Leading, 1 up, and with Kerr facing a 10-foot birdie attempt on the par-5 18th, Pettersen curled in a left-to-right 15-footer for birdie to seal the victory on the cold, damp overcast day that probably made the 30-year-old Norwegian star feel as if she was back home.
Pettersen immediately thrust both hands skyward in celebration, took a few steps and staggered to her knees in exhaustion after playing four rounds over the last two days. She quickly got up and gave a thumbs up and exhaled.
Pettersen, who beat top-seeded Na Yeon Choi of South Korea, 4 and 2, in the semifinals Sunday morning, never trailed in the match in winning for the first time since the Canadian Women’s Open in September 2009, and for the seventh time in her LPGA Tour career.
The No. 3 ranked woman finished second six times last year and 12 times since 2007, a year she won five times, including the LPGA Championship.
The No. 4 Kerr, who won the final two holes in beating Angela Stanford, 1 up, in the semis, had her putter to blame for failing to win for the 15th time on tour. The American missed four putts of less than 10 feet – all for hole victories.
However, she also made a 3-foot par save on No. 16 to keep the match alive and a 10-footer for birdie on the next hole to cut Pettersen’s lead to 1 up.
Pettersen ended the run and the match with her dramatic putt at the magical 18th hole. She played it four times and birdied it every time to win matches. She dispatched Natalie Gulbis in the first round, Stacy Lewis in the round of 16, Yani Tseng in the quarterfinals and Kerr in the championship.
Pettersen earned $375,000, and Kerr made $225,000.
Pettersen birdied the second and fourth holes to go 2 up, but Kerr tied the match with birdies at the fifth and eighth holes. Pettersen made a 15-foot birdie putt at No. 9 to take a 1-up lead.
The back nine of the championship match was both heartbreaking and ugly at times.
Kerr lipped out a 10-footer for birdie at No. 10 and then the players halved the 11th and 12th holes with bogeys. Pettersen missed a 5-foot par-saver at the 11th to win the hole and Kerr did the same at the next hole from 4 feet.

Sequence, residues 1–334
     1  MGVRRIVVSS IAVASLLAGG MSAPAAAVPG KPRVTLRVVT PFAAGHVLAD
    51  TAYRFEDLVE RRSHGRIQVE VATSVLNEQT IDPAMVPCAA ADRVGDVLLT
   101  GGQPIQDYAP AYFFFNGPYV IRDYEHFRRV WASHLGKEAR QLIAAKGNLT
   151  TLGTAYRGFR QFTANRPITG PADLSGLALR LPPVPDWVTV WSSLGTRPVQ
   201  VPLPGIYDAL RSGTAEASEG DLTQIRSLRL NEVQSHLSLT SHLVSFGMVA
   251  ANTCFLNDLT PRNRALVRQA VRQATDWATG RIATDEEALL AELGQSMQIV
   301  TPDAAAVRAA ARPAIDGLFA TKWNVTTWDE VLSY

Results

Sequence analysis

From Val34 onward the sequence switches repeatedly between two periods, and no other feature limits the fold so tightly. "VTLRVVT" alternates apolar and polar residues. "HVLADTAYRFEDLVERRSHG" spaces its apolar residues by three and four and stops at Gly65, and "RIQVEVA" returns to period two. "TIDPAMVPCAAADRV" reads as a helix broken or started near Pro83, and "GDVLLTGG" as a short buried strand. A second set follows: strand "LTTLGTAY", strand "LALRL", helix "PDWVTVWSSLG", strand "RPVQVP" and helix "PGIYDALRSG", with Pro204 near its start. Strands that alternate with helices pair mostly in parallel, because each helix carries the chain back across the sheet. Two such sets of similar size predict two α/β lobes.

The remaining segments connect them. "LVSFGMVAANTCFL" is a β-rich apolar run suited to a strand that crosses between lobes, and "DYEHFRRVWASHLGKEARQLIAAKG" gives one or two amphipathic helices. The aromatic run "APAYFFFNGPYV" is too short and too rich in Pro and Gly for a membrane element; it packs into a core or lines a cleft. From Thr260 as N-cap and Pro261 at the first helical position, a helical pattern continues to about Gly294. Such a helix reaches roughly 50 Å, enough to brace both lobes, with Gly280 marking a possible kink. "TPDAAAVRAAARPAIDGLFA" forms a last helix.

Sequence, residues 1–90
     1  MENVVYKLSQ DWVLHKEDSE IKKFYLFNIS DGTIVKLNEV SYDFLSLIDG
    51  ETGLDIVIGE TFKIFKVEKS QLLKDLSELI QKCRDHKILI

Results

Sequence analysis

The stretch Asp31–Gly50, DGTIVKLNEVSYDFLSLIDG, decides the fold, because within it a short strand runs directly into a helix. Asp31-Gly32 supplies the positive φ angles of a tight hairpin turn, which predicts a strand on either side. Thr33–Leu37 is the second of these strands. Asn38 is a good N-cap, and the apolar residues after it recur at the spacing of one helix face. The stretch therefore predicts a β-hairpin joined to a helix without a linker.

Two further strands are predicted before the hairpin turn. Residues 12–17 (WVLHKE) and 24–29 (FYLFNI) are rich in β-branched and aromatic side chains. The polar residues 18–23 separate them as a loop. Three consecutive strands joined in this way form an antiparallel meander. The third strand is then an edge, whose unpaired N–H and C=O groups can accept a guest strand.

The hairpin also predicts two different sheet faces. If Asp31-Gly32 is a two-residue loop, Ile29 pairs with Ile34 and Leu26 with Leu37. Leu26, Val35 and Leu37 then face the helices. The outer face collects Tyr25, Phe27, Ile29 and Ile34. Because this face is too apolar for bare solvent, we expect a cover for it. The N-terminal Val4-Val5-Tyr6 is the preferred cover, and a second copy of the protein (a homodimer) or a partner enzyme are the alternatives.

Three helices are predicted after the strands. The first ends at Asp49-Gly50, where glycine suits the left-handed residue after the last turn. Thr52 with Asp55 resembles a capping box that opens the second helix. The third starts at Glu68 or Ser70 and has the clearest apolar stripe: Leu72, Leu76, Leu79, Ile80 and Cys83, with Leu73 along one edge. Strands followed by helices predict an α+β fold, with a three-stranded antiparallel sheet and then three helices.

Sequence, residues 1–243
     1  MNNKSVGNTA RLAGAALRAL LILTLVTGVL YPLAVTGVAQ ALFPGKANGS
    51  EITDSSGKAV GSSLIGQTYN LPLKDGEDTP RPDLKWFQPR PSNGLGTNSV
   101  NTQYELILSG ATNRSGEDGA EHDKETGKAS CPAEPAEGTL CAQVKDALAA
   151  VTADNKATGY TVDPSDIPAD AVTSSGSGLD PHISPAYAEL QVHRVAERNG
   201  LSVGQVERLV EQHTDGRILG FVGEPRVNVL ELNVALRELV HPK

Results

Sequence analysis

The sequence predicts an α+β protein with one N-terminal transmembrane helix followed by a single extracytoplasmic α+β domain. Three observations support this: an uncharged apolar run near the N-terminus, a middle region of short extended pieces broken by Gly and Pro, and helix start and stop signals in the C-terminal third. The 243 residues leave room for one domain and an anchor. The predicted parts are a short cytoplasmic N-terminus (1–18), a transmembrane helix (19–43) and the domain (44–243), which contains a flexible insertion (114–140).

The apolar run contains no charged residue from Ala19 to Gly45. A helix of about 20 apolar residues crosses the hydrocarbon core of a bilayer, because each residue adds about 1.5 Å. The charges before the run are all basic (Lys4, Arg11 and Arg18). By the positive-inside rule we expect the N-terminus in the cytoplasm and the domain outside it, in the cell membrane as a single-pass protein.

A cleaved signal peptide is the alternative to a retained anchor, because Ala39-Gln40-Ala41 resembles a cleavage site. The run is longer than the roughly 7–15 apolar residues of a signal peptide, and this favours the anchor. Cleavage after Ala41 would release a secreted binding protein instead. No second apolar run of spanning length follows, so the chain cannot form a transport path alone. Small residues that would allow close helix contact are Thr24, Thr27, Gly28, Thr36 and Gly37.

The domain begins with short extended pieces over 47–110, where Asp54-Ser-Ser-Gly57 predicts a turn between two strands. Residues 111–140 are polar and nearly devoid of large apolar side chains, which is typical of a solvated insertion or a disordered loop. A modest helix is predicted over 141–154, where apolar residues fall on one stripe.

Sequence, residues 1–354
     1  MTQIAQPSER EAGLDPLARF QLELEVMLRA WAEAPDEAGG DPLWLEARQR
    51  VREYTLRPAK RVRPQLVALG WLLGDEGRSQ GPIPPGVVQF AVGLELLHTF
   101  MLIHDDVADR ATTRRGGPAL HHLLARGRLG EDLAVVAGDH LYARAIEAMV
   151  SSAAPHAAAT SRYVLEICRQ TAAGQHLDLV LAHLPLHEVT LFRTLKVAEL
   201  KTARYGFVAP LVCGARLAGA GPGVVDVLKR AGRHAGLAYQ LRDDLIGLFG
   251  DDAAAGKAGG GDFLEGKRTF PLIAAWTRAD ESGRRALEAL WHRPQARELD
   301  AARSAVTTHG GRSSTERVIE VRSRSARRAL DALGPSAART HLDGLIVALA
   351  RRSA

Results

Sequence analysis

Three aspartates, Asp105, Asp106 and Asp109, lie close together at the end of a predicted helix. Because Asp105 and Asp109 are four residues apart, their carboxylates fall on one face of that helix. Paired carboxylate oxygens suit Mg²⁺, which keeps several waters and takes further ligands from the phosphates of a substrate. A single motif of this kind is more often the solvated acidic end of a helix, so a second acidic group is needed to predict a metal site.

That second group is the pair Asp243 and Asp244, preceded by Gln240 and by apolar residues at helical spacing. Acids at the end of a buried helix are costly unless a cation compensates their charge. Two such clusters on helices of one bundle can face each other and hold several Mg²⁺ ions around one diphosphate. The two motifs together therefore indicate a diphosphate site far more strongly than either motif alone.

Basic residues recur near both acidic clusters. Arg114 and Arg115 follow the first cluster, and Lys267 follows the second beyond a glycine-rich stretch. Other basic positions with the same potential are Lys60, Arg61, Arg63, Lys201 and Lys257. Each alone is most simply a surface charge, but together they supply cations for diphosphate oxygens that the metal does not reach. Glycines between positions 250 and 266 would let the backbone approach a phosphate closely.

Kerr had another chance to tie the match at No. 14 but her 10-foot birdie putt burned the cup.
Pettersen went, 2 up, at the par-4 15th. Kerr was right with her second shot, chipped 10 feet past the hole and then missed the par save. Pettersen then extended the lead making a 5-footer for par.
Kerr rallied but Pettersen would not be denied.
Choi, who never made it to 18 against Pettersen, shot 4 under to open a 5-up lead over Stanford in the consolation match en route to a 4-and-3 win that earned her $150,000. Stanford, who had to be disappointed after throwing away a great chance to be beat Kerr at No. 18 in the semifinal settled for $112,500.
Stanford, who finished second to Sun Young Yoo last year, is going to have nightmares about her third shot at the par-5, 515-yard 18th hole.
Kerr squared the match with a short birdie at No. 17 but her third at the final hole sucked off the front of the elevated green.
Stanford hit her third shot over the green and the mistake was compounded when it landed in a downhill lie with mud under the ball. The No. 18 seed searched for a way to land the ball on the green and considered all angles before going at the pin. However, the ball came out hot and rolled down the front of the raised green, landing almost where Kerr’s third shot had stopped.
Kerr had hit her fourth to 3 feet, so Stanford went at the pin and the ball banged off it. Kerr then made her par putt from 5 feet to win the match.